Chinese sources tell of the construction of the Great Wall in the third century B.C.E. and the repulse of various marauding tribes. Forced to head west and eventually south, these tribes displaced others in an ethnic knock-on effect which lasted many decades and spread right across Central Asia. The Parthians from Iran and the Bactrian Greeks from Bactria had both been dislodged by the Shakas coming down from somewhere near the Aral Sea. But the Shakas had in turn been dislodged by the Yueh-chi who had themselves been driven west to Xinjiang by the Hiung-nu. The last, otherwise the Huns, would happily not reach India for a long time. But the Yueh-chi continued to press on the Shakas, and having forced them out of Bactria, it was sections or clans of these Yueh-chi who next began to move down into India in the second half of the first century AD."[4]

The Yuezhi reached the Hellenic kingdom of Greco-Bactria, in the Bactrian territory (northernmost Afghanistan and Uzbekistan) around 135 B.C.E. The displaced Greek dynasties resettled to the southeast in areas of the Hindu Kush and the Indus basin (in present day Pakistan), occupying the western part of the Indo-Greek Kingdom.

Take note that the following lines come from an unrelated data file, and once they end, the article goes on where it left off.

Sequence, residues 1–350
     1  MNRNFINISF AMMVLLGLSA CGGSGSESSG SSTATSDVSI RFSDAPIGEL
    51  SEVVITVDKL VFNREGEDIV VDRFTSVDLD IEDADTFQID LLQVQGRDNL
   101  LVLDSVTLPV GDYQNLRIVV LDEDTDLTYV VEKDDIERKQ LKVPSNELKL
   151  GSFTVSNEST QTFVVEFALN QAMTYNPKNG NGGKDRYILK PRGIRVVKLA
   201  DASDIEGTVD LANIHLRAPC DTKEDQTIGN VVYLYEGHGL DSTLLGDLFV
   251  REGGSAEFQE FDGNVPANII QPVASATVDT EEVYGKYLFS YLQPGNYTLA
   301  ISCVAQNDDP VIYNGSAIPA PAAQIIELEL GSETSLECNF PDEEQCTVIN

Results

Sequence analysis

Early Kushans

Head of a Kushan prince (Khalchayan palace, Uzbekistan).

Some traces remain of the presence of the Kushan in the area of Bactria and Sogdiana. Archaeological structures known in Takht-I-Sangin, Surkh Kotal (a monumental temple), and in the palace of Khalchayan remain. Various sculptures and friezes, representing horse-riding archers[5], and significantly men with artificially deformed skulls, such as the Kushan prince of Khalchayan[6] (a practice well attested in nomadic Central Asia) have been discovered. On the ruins of ancient Hellenistic cities such as Ai-Khanoum, archaeologists believe the Kushans built fortresses. King Heraios (1-30 C.E.) had been the earliest documented ruler, and the first one to proclaim himself as a Kushan ruler. He calls himself a "Tyrant" on his coins, and also exhibits skull deformation. He may have been an ally of the Greeks, and he shared the same style of coinage. Heraios may have been the father of the first Kushan emperor Kujula Kadphises.